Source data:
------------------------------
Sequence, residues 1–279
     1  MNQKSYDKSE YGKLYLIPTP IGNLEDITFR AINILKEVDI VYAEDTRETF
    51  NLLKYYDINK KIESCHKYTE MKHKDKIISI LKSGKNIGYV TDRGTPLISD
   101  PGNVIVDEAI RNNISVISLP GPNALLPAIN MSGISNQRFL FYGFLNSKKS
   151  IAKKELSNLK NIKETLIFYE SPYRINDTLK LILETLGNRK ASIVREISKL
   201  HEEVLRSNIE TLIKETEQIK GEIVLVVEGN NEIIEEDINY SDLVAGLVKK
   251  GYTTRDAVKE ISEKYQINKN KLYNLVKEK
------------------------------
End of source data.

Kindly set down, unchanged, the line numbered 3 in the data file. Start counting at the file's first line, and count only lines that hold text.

    51  NLLKYYDINK KIESCHKYTE MKHKDKIISI LKSGKNIGYV TDRGTPLISD